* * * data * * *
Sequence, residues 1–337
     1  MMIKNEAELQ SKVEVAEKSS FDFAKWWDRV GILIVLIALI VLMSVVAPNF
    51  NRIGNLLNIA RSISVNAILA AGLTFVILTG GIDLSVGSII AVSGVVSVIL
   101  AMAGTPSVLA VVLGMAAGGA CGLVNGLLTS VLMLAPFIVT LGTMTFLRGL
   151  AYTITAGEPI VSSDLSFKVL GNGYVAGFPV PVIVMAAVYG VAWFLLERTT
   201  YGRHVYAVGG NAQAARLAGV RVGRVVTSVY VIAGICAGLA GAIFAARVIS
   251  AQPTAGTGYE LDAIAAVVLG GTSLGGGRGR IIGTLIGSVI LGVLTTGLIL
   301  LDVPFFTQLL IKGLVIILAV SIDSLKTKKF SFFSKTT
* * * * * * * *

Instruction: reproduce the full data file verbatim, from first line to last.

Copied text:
Sequence, residues 1–337
     1  MMIKNEAELQ SKVEVAEKSS FDFAKWWDRV GILIVLIALI VLMSVVAPNF
    51  NRIGNLLNIA RSISVNAILA AGLTFVILTG GIDLSVGSII AVSGVVSVIL
   101  AMAGTPSVLA VVLGMAAGGA CGLVNGLLTS VLMLAPFIVT LGTMTFLRGL
   151  AYTITAGEPI VSSDLSFKVL GNGYVAGFPV PVIVMAAVYG VAWFLLERTT
   201  YGRHVYAVGG NAQAARLAGV RVGRVVTSVY VIAGICAGLA GAIFAARVIS
   251  AQPTAGTGYE LDAIAAVVLG GTSLGGGRGR IIGTLIGSVI LGVLTTGLIL
   301  LDVPFFTQLL IKGLVIILAV SIDSLKTKKF SFFSKTT